The Junior Reserve Officers Training Corps (JROTC) is a high school program offered as an elective or substitute for physical education. It uses a military setting to teach students a variety of character traits and life skills. Researchers agree that students, faculty and the surrounding community all benefit from the existence of these programs.
According to a 2006 case study performed by Joseph A. Santora Jr. on Passaic High School for his Doctor of Education requirements, students are acquiring many of the advantages the JROTC program seeks to provide. When asked a series of questions regarding the benefits they had received from JROTC, students agreed that they had learned leadership skills, improved their attendance and gained better self-esteem and self-discipline.
Opportunites for All
Unlike other high school programs, JROTC offers opportunities to students at all academic levels, including special education students. In fact, special ed teachers at schools like Passaic High School commonly encourage their students to enroll in JROTC, saying that it provides a positive form of structure and support. JROTC also welcome students of all nationalities, with 90 percent of participants being students of ethnic minority, according to NavyLeague.org.
Positive Role Models
JROTC provides an excellent opportunity for high school students to learn from positive role models, as the programs are run by active and retired military personnel. This environment of mutual respect can help to reduce discipline problems both in school and at home. Additionally, JROTC programs provide jobs for members of the military who are no longer deployed.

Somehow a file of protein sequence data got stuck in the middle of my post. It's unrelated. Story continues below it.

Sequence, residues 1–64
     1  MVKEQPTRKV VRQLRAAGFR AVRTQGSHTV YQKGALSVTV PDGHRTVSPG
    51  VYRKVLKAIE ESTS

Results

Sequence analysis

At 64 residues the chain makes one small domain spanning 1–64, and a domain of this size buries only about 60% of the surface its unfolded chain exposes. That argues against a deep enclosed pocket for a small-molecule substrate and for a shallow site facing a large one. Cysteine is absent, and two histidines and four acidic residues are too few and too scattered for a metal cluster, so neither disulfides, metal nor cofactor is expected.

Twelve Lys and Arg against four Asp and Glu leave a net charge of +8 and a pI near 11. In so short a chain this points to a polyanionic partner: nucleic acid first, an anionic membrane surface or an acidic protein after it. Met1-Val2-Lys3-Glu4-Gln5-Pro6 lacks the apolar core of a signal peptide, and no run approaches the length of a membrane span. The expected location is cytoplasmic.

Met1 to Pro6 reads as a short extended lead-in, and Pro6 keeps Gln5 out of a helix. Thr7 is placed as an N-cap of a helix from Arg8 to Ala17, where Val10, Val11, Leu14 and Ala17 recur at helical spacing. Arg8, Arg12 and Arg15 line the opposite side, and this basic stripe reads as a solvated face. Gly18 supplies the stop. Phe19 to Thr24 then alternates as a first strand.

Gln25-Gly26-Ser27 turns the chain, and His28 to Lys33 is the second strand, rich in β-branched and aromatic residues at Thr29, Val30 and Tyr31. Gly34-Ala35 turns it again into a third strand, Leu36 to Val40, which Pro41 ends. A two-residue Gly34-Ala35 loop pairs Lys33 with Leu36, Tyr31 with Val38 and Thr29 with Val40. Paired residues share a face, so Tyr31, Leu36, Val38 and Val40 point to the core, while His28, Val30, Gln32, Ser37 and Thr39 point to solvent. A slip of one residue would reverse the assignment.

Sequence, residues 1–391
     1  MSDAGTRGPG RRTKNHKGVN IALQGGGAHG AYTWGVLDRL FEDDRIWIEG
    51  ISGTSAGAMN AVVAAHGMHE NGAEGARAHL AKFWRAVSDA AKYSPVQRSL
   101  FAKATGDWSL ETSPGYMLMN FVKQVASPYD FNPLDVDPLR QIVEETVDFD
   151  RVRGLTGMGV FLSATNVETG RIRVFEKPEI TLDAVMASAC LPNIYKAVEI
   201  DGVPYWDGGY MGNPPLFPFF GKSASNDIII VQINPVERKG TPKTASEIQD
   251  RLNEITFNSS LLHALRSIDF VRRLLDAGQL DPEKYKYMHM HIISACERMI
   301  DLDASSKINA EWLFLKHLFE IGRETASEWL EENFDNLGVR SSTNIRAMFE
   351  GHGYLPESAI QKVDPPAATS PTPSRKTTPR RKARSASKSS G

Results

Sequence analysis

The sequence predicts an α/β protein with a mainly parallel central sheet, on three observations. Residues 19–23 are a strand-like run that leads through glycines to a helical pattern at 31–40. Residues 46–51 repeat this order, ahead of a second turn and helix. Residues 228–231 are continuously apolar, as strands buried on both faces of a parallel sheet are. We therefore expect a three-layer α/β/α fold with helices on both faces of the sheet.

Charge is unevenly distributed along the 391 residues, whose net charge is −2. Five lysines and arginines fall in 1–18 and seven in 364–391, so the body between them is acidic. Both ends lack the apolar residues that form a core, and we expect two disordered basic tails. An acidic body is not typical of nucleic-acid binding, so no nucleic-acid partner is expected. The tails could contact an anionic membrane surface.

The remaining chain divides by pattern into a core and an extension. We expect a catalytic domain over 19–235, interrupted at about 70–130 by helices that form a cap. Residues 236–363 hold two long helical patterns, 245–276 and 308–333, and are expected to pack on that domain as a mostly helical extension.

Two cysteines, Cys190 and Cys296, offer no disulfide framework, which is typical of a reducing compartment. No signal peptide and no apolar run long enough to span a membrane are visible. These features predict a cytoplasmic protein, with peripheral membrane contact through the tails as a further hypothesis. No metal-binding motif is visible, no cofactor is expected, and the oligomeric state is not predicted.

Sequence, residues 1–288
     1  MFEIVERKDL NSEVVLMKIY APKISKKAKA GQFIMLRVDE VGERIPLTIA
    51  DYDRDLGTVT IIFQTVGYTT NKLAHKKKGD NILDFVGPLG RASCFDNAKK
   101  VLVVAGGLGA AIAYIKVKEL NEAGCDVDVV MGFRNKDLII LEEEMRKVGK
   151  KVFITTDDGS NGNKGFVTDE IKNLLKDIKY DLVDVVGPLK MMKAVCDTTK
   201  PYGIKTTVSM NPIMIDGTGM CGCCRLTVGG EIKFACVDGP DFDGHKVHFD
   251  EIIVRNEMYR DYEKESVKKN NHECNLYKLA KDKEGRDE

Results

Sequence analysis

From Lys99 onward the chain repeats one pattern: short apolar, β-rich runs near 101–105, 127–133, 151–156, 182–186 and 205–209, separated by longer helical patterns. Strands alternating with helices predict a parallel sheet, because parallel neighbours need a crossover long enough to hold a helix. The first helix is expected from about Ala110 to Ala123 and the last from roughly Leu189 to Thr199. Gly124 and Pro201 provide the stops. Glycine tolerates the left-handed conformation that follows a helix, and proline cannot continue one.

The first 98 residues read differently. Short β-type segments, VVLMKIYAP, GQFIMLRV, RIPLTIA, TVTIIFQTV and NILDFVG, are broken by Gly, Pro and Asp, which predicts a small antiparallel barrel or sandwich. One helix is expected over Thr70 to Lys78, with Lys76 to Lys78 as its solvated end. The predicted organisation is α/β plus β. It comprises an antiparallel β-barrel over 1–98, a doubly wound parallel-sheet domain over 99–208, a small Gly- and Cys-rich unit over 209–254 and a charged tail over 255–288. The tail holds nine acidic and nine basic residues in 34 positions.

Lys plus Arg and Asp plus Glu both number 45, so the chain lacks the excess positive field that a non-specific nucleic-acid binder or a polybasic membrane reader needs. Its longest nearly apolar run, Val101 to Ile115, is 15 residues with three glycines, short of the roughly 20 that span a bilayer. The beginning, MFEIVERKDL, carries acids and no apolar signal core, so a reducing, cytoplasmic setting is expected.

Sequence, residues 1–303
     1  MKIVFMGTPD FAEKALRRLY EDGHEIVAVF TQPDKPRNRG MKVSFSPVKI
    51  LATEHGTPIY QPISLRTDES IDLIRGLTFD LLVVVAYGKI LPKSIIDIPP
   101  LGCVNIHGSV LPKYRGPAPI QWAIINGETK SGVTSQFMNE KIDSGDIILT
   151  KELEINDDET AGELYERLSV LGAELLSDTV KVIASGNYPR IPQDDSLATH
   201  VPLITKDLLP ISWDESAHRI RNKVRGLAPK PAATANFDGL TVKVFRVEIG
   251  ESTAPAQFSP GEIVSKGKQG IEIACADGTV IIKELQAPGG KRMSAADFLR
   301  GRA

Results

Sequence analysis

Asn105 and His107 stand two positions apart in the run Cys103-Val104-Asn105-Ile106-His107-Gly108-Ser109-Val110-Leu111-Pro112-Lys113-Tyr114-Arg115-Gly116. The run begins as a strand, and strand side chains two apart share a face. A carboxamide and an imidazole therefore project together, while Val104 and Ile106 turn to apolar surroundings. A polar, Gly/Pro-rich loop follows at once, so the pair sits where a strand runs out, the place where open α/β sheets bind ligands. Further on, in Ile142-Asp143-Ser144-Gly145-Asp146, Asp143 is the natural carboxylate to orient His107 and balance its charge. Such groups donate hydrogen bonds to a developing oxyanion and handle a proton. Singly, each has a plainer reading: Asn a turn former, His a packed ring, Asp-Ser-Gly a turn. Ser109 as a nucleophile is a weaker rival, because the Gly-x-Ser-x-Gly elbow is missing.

In a poll published by NavyLeage.org, JROTC programs received 100 percent support from PTAs, school principals and graduates from the schools surveyed. JROTC is also highly supported by the surrounding communities, who benefit from the hundreds of hours of community service the students perform, according to the poll. Furthermore, JROTC events and competitions often serve to bring parents and other members of the community together to support these high school students.
Some parents have expressed concern about JROTC, claiming that the U.S. military uses this program to recruit high school students for the military. While students in JROTC are informed about military opportunities, they are not obligated to participate in any military service after JROTC, and many take advantage of scholarship opportunities or college credit offered through their JROTC program. In actuality, schools with JROTC report lower drop-out rates, better grade point averages and higher SAT scores—benefits that support students as they graduate and enter college. Students who do enter the military after high school do so with a wide variety of advantages, including higher rank or advancement, according to USArmyJRTOC.com.